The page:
Many people tend to be affected negatively by the arrival of winter. In most cases, people are more sleepy, feel that the workday is too long, and tend to be less productive during the afternoon.
A small section of the population will be affected by seasonal affective disorder (SAD). SAD includes a selection of annoying symptoms, among which we can count hypersomnia, a bad mood, and feeling quite bleak during the cold months. The rates of depression and suicide will also increase during the cold season.
Some will associate the phenomena with winter gloom, but according to researchers, there might be a reason for all these issues. Since the body clock is not synchronized with our daily schedule, problems may tend to appear.
If the body wants to wake up late, but you force it to wake up early, a complete sleep phase can be missed. Research linked to the field of chronobiology, which explores how the human body governs sleep and wakefulness, argues that our sleep patterns change during winter.
Shorter Work Schedule Should Be Used During Winter
Modern life imposes schedules that are hard to follow.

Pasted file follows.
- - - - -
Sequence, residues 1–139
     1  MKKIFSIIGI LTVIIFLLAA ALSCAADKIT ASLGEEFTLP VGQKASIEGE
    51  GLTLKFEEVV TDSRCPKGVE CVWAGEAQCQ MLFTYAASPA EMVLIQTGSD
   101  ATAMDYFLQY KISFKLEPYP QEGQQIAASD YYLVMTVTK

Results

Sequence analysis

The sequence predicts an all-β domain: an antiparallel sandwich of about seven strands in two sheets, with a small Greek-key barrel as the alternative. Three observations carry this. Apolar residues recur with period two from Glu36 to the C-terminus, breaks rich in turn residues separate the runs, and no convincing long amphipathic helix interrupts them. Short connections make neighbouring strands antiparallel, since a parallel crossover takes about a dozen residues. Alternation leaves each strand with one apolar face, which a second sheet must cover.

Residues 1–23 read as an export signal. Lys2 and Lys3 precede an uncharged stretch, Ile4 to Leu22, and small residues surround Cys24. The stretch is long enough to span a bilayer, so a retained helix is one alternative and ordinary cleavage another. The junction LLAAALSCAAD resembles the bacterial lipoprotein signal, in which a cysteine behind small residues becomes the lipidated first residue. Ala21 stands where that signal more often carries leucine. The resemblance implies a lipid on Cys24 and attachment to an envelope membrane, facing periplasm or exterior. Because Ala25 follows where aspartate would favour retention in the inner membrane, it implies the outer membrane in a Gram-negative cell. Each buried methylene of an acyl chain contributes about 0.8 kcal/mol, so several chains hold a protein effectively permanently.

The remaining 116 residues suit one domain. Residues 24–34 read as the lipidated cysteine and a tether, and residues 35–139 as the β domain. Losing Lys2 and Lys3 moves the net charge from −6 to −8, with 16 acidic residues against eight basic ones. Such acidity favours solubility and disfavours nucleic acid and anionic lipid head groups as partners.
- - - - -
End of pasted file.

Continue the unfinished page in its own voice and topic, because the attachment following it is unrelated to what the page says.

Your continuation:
The circadian clock is used by researchers to measure how the body perceives time. It relies on a 24-hour cycle that influences what we want to do during the day, including the times when we wake up and go to sleep. It is essential to keep things in harmony with the body clock for the right balance.
Several factors contribute to the regulation of the body clock. Among them, we can count hormones, other substances, and select external factors, including the sun. A type of photoreceptor placed at the rear of the eyes is sensitive to blue light and plays an essential role in the calibration process.
The difference between the internal clock and the social clock will cause social jetlag that can have dire consequences in some cases. More research will take place in the future.